Written By: Adam Dince
As digital professionals, it’s important we always present ourselves in the most positive light. Many of us sit behind a desk all day and deliver a large part of our communication and deliverables electronically. In fact, our documents are often the first impression we give to our audience, so it’s important that we put our best foot forward.
In the final year of my U.S. Navy enlistment, I had a commander who reviewed every piece of work I delivered. I can’t recall an instance where he didn’t return a document marked up in red, with constructive criticism. It drove me nuts! His mantra was, “Dince, you can always do better!” He was right. We can all, always do better.
When I began my transition into an executive-level agency role, I had an incredible mentor named Jorie Waterman, a format perfectionist that never sent anything to a client that didn’t look immaculate! She reminded me a lot of my grandma in her attention to detail. From 50 feet away, my grandma would spot a speck of dirt on the carpet and quickly swoop in to clean it up. If something was out of place or needed attention, grandma would fix it immediately. Her house was always perfect, much as anything that Jorie put together.
I learned a lot from Jorie and Commander Buenaventura. They both taught me that I was intrinsically tied to whatever I sent out and that people would judge me on its quality. Over the years, I’ve come to understand that the presentation of our work is just as important as the work itself.
We’ve all had that experience where someone tells us a joke, but the delivery is so bad that it kills the possibility of a laugh. Leslie Nielsen is one of my favorite comic actors of all-time. He was known for being hysterically funny without telling a joke. What made him so good? It was his voice. It was his facial expressions. It was his delivery.
From the Naked Gun
“Wilma, I promise you; whatever scum did this, not one man on this force will rest one minute until he’s behind bars. Now, let’s grab a bite to eat.”
Did that line make you laugh? Maybe a chuckle. But when Leslie delivered it, the line was gold!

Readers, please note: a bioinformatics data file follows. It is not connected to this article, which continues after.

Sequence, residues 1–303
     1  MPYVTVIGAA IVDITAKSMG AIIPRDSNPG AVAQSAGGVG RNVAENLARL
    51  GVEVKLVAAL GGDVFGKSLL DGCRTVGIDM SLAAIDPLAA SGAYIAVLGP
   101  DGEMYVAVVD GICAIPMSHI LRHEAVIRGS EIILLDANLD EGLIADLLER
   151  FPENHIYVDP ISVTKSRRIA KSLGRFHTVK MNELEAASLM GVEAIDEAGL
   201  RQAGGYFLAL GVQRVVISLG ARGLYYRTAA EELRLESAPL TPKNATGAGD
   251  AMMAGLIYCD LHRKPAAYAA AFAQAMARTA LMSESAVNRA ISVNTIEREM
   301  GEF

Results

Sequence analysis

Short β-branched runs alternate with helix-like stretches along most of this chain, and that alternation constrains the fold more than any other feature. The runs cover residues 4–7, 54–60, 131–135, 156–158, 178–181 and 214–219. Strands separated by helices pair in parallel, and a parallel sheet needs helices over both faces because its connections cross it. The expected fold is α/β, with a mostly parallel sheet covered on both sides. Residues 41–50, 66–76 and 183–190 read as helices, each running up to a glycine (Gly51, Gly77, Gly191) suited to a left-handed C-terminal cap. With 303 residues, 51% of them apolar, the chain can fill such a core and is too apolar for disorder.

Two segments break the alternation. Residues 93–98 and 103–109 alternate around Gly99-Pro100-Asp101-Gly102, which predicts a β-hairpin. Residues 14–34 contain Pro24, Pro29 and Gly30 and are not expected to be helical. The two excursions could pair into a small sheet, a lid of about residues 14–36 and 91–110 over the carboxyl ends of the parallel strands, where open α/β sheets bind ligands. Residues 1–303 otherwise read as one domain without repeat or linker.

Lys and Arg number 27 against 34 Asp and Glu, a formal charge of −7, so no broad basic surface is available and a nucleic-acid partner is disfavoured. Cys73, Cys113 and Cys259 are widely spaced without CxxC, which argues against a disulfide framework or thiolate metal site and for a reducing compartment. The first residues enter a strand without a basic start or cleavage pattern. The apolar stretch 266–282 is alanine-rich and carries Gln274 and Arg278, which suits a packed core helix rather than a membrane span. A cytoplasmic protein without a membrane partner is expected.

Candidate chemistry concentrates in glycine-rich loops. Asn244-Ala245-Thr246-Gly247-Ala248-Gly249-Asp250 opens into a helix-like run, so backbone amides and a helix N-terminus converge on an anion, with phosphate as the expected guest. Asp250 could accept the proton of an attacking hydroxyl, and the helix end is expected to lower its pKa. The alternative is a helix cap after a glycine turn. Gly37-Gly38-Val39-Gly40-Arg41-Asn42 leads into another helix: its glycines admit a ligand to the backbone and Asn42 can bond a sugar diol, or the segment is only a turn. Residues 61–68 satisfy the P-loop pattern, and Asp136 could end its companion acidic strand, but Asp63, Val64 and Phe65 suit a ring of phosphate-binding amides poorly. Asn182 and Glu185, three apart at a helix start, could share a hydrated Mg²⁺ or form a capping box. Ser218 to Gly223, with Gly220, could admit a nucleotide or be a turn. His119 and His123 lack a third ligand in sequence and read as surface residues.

The point is, the quality of our delivery is vital to the success of the work we create. A nicely wrapped package can make a crappy gift seem okay. On the contrary, a lackluster looking deliverable can cause even the best work to be ignored.
- Seen a fantastic blog headline that was irresistible, however upon click-thru, the design of the page and content was so bad you immediately closed it?
- Received a poorly formatted spreadsheet that made you question the quality and accuracy of the data?
- Read a presentation where the content sucked, but the design was so good that it kept you intrigued?
- Ordered a dessert because of the way it looked in the menu?
I felt compelled to write this article because I often see documents that are sent without the polish they deserve. We should be proud of the work we create and should show that pride in the way it’s delivered. If you were going to sell your car, you’d probably wash, wax and buff it. Why not do the same with the great work you’re trying to sell?
I recently had the pleasure of being in attendance at a Wil Reynolds’s presentation (if you haven’t been to one, put it on your bucket list). The dude is the Tony Robbins of SEO. One of the awesome points he made was that instead of us blaming stakeholders for not getting behind our ideas, maybe we should learn how to pitch better. Most everything we do in our advertising/marketing jobs is a pitch. Whether we’re sharing an idea or providing recommendations, it’s our job to get people behind us. Part of learning how to pitch is learning how to deliver it in a way that results in a strike.
Let’s make it a goal to work on our delivery and never be satisfied with “good enough”.